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Clarke's Commentary on the Bible
The elders of all the tribes of Israel come and anoint David king over all Israel, 2 Samuel 5:1-5. He goes against the Jebusites, and takes the strong hold of Zion, and afterwards the city itself; which is called the city of David, 2 Samuel 5:6-9. David's prosperity, and friendship with Hiram, king of Tyre, 2 Samuel 5:10-12. He takes more concubines, and begets several sons and daughters, 2 Samuel 5:13-16. The Philistines gather together against him in the valley of Rephaim; he defeats them; they abandon their idols, and David and his men burn them, 2 Samuel 5:17-21. They assemble once more in the valley of Rephaim, and David smites them from Geba to Gazer, 2 Samuel 5:22-25.
1Then came all the tribes of Israel to David unto Hebron, and spake, saying, Behold, we are thy bone and thy flesh.
Then came all the tribes of Israel - Ish-bosheth the king, and Abner the general, being dead, they had no hope of maintaining a separate kingdom, and therefore thought it better to submit to David's authority. And they founded their resolution on three good arguments:
1. David was their own countryman; We are thy bone and thy flesh.
2. Even in Saul's time David had been their general, and had always led them to victory; Thou wast he that leddest out and broughtest in Israel.
3. God had appointed him to the kingdom, to govern and protect the people; The Lord said to thee, Thou shalt feed my people and be a captain over Israel.
2Also in time past, when Saul was king over us, thou wast he that leddest out and broughtest in Israel: and the LORD said to thee, Thou shalt feed my people Israel, and thou shalt be a captain over Israel.
3So all the elders of Israel came to the king to Hebron; and king David made a league with them in Hebron before the LORD: and they anointed David king over Israel.
They anointed David king - This was the third time that David was anointed, having now taken possession of the whole kingdom.
4David was thirty years old when he began to reign, and he reigned forty years.
5In Hebron he reigned over Judah seven years and six months: and in Jerusalem he reigned thirty and three years over all Israel and Judah.
6And the king and his men went to Jerusalem unto the Jebusites, the inhabitants of the land: which spake unto David, saying, Except thou take away the blind and the lame, thou shalt not come in hither: thinking, David cannot come in hither.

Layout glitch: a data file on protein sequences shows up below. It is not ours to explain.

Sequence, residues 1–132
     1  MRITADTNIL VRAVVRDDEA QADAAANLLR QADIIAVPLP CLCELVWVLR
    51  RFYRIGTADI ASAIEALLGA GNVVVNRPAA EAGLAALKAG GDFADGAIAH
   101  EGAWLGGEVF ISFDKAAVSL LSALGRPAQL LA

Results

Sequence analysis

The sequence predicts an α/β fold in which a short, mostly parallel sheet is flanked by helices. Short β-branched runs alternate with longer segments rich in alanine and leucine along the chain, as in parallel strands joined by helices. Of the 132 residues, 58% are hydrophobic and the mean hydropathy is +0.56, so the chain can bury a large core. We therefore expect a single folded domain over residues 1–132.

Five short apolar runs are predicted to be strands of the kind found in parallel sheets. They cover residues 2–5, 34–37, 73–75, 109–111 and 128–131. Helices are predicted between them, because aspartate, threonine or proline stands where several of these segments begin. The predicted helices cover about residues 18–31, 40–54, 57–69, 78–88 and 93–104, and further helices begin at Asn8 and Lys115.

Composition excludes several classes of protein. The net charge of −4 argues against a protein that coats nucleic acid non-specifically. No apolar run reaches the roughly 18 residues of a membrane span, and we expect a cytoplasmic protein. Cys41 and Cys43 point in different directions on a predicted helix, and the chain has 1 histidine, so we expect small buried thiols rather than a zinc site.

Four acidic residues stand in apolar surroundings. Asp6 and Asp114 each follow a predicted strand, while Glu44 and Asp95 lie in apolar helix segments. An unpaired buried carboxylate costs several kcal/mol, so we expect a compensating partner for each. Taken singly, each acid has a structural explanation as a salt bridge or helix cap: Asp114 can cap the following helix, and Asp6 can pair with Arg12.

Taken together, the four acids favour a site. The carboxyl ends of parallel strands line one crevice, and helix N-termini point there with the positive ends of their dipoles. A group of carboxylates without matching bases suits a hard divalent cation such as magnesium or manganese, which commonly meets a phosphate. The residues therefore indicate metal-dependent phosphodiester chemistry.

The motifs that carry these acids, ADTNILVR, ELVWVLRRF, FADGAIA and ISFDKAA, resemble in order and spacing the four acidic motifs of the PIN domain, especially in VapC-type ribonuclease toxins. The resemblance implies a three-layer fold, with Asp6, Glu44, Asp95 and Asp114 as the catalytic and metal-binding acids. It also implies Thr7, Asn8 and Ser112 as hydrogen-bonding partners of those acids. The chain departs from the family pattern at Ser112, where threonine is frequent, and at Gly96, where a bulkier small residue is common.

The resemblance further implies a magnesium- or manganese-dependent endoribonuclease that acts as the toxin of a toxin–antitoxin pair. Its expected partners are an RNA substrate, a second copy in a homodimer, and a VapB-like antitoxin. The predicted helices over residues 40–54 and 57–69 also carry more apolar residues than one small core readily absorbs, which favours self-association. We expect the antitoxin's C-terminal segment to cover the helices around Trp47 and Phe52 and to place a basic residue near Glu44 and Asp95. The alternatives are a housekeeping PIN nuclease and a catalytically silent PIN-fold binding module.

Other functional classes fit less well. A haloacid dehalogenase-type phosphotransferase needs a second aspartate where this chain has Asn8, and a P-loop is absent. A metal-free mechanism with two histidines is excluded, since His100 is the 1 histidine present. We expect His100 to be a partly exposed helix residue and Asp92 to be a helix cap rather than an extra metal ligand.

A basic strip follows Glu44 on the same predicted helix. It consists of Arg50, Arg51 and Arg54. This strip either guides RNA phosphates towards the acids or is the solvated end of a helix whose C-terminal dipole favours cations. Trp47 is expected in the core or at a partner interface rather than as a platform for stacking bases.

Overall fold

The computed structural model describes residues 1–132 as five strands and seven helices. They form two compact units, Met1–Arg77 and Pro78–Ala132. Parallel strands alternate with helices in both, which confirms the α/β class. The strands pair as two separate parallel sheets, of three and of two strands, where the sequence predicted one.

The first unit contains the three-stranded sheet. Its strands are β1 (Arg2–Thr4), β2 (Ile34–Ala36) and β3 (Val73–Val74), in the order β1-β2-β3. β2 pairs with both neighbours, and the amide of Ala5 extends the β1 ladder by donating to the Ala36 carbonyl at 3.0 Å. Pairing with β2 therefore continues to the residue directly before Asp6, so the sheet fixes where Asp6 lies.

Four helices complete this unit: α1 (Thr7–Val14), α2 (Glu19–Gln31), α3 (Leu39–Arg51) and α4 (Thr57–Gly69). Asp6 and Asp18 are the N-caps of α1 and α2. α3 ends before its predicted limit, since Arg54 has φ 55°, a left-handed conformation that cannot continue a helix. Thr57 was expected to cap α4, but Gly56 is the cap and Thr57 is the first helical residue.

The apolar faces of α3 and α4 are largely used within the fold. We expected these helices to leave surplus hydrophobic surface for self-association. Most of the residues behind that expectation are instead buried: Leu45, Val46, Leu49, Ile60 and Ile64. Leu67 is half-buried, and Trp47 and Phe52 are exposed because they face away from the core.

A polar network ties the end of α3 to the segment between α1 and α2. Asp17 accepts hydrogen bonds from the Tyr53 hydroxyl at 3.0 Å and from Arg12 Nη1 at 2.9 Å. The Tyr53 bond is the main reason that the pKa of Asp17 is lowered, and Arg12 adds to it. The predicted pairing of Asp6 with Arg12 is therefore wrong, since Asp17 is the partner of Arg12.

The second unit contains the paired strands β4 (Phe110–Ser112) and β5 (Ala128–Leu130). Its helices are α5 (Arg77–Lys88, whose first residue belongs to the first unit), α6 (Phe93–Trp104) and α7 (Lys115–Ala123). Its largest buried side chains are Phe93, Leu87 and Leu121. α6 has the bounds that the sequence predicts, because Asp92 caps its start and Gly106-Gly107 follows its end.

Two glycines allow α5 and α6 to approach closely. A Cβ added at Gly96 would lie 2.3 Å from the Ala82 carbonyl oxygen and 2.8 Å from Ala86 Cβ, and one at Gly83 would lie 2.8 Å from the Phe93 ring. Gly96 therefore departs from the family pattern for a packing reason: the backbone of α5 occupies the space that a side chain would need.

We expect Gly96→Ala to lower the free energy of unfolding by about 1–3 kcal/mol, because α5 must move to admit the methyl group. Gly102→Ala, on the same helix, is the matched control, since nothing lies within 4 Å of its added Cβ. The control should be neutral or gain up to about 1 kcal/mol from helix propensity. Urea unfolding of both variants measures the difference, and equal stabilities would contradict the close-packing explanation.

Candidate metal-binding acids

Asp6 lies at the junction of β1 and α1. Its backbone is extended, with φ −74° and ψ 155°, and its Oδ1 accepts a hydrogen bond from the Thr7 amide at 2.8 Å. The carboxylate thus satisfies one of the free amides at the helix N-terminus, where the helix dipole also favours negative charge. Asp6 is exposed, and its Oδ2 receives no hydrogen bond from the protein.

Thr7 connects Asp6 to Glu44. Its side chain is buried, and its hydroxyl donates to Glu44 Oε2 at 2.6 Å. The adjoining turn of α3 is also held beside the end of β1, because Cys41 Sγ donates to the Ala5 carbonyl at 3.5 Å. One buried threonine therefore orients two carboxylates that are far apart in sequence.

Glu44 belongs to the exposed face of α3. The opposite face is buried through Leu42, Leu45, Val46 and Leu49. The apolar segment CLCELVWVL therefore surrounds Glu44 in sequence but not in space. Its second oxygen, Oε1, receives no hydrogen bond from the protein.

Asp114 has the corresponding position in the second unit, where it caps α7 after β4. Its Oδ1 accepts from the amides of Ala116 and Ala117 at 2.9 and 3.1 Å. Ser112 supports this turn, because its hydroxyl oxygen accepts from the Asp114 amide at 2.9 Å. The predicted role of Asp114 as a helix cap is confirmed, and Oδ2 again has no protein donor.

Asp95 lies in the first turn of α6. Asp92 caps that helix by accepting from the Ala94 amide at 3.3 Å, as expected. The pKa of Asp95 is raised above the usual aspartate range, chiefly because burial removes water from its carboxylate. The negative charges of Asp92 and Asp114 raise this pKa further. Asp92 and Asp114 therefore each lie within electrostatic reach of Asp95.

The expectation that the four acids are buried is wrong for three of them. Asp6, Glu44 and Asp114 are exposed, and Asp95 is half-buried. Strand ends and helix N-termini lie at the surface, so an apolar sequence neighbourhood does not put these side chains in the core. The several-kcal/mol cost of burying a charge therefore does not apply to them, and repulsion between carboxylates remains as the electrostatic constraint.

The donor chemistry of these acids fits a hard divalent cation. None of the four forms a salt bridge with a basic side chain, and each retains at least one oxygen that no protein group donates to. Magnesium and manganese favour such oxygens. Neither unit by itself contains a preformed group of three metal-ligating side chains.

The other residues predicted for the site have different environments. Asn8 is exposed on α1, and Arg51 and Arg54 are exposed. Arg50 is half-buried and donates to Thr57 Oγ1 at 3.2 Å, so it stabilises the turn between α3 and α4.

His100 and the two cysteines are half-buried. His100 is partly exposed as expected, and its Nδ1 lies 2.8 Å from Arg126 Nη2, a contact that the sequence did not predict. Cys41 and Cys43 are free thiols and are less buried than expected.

The king and his men went to Jerusalem - This city was now in the hands of the Jebusites; but how they got possession of it is not known, probably they took it during the wars between Ish-bosheth and David. After Joshua's death, what is called the lower city was taken by the Israelites; and it is evident that the whole city was in their possession in the time of Saul, for David brought the head of Goliath thither, 1 Samuel 17:54. It appears to have been a very strong fortress, and, from what follows, deemed impregnable by the Jebusites. It was right that the Israelites should repossess it; and David very properly began his reign over the whole country by the siege of this city.
Except thou take away the blind and the lame - Scarcely a passage in the sacred oracles has puzzled commentators more than this. For my own part, I do not think that it is worth the labor spent upon it, nor shall I encumber these pages with the discordant opinions of learned men. From the general face of the text it appears that the Jebusites, vainly confiding in the strength of their fortress, placed lame and blind men upon the walls, and thus endeavored to turn into ridicule David's attempt to take the place: Thou shalt not come in hither, except thou take away the blind and the lame; nothing could be more cutting to a warrior.
Dr. Kennicott has taken great pains to correct this passage, as may be seen in his First Dissertation on the Hebrew Text, pages 27 to 47. I shall insert our present version with his amended text line for line, his translation being distinguished by italics; and for farther information refer to Dr. K.'s work.
2 Samuel 5:6.
And the king and his men went to And the king and his men went to Jerusalem unto the Jebusites, the inhabitants of Jerusalem unto the Jebusites, the inhabitants of the land: who spake unto David, saying, the land; who spake unto David, saying; Except thou take away the blind and the Thou shalt not come in hither; for the blind lame, thou shalt not come in hither: thinking, and the lame shall drive thee away by saying, David cannot come in hither. "David shall not come in hither."
7Nevertheless David took the strong hold of Zion: the same is the city of David.